- About About
Medical Patient Resources Becoming a State-Authorized Patient Talking to your doctor The Medical Cannabis Patient’s Guide for U.S. Travel Patient's Guide to CBD Patient's Guide to Medical Cannabis Guide to Using Medical Cannabis Condition-based Booklets Growing Cannabis Cannabis Tincture, Salve, Butter and Oil Recipes Leaf411 Affordability Program Tracking Treatment & Gathering Data with Releaf App Medical Professional Resources CME for Medical Professionals Cannabis Safety Medical Cannabis Research
- Legal Legal
Advocacy ASA Chapters Start an ASA Chapter Take Action Campaigns No Patient Left Behind End Pain, Not Lives Vote Medical Marijuana Medical Cannabis Advocate's Training Center Resources for Tabling and Lobby Days Strategic Planning Civics 101 Strategic Messaging Citizen Lobbying Participating in Implementation Movement Building Organizing a Demonstration Organizing Turnout for Civic Meetings Public Speaking Media 101 Patient's History of Medical Cannabis
Policy Model Federal Legislation Download Ending The Federal Conflict Public Comments by ASA Industry Standards Guide to Regulating Industry Standards Recognizing Science using the Data Quality Act Fact Sheet on ASA's Data Quality Act Petition to HHS Data Quality Act Briefs ASA Data Quality Act petition to HHS Information on Lawyers and Named Patients in the Data Quality Act Lawsuit Reports 2020 State of the States Medical Cannabis Access for Pain Treatment Medical Cannabis in America
- Join Join
WASHINGTON, D.C. –The U.S. House of Representatives will be voting today or tomorrow on a bi-partisan bill to stop the federal arrest of patients in states that allow the medical use of marijuana. Last year’s debate was impassioned, with the Republican co-sponsor of the bill breaking down in tears as he recounted his mother’s losing battle with cancer and his obligation to see that she had access to any medication that would help her.At stake is the bi-partisan Hinchey-Rohrabacher Amendment to the Commerce-Justice-State Departments Appropriations bill, which would eliminate funding for federal investigations or prosecutions of patients and caregivers in the states that allow the sick and dying to use marijuana medicinally – Alaska, Arizona, California, Colorado, Hawaii, Maine, Nevada, Oregon, Washington, Maryland, and now Vermont.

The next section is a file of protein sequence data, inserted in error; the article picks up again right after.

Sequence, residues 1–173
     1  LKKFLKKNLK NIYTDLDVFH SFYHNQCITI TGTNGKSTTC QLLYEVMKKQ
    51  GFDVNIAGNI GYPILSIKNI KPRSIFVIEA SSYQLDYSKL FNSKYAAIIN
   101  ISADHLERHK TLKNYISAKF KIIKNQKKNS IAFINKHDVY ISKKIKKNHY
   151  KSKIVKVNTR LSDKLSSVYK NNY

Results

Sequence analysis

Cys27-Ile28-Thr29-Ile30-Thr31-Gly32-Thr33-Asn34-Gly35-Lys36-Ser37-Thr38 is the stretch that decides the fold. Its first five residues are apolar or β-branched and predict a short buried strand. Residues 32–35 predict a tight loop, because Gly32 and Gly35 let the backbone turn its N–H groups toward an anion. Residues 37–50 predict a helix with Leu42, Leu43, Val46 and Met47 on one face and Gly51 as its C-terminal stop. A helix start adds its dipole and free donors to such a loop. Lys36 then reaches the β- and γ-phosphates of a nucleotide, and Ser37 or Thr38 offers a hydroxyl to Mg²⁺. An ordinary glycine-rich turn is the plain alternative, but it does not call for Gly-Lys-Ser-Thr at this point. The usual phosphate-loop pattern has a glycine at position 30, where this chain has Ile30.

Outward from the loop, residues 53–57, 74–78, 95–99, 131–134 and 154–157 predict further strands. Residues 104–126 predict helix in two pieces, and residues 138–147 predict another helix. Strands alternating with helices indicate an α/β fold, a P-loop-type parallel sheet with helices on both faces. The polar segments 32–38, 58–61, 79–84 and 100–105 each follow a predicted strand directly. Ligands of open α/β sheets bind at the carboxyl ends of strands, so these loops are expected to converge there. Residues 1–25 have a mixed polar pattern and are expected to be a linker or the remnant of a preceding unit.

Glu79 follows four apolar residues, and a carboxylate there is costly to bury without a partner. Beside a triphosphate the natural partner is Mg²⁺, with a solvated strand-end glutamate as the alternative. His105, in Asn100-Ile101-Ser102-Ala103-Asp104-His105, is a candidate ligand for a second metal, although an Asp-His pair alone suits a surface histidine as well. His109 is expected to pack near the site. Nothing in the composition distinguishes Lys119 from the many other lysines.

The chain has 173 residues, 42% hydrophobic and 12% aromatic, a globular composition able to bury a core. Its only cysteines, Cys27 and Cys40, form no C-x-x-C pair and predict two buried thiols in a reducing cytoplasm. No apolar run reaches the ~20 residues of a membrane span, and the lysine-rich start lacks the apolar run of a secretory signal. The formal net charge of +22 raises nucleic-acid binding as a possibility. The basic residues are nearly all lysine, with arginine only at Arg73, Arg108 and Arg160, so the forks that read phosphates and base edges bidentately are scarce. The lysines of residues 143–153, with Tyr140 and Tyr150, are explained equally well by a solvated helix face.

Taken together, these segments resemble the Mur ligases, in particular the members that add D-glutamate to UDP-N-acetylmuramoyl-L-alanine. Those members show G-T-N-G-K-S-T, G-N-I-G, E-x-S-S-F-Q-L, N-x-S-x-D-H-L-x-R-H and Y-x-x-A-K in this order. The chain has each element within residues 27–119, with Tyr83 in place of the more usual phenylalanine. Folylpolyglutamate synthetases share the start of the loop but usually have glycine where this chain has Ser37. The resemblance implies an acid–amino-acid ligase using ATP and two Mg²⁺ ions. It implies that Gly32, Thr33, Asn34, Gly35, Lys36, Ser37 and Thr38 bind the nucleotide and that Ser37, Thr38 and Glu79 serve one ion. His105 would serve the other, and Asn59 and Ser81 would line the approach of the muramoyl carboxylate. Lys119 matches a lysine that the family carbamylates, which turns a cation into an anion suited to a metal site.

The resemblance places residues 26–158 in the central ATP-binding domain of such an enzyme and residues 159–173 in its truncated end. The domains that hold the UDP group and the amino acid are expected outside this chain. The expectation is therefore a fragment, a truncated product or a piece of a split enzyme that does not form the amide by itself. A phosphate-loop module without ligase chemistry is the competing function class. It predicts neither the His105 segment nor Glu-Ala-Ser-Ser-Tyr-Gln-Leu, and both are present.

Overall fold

Again sponsored by Maurice Hinchey, D-NY and Dana Rohrabacher, R-CA, the amendment last year received 152 votes in favor, only 66 short of passage. And with more states passing laws legalizing medical use or considering them, pressure on Congress to resolve the conflict between state laws and the federal prohibition is increasing. Since 1996, 11 states (Alaska, Arizona, California, Colorado, Hawaii, Maine, Maryland, Nevada, Oregon, Vermont and Washington) have adopted medical marijuana laws.
Despite this, the U.S. Justice Department continues to spend millions of federal tax dollars arresting medical marijuana patients and their caregivers - even in states where medical marijuana is legal.
Substantial majorities of Democrats, Republicans, and Independents support legal access to medical marijuana for patients who are helped by it. A 2002 Time/CNN national poll found that 80% of Americans support it. The Institute of Medicine has determined that nausea, appetite loss, pain and anxiety 'all can be mitigated by marijuana.'
Allowing cancer, AIDS, and MS patients legal access to medical marijuana has been officially endorsed by the American Nurses Association, American Public Health Association, American Bar Association, and Kaiser Permanente, among other groups.
For interviews or comment on the significance of the vote, please contact William Dolphin at (510) 919-1498. A national coalition of 10,000 patients, doctors and advocates, Americans for Safe Access is the largest organization working solely on medical marijuana.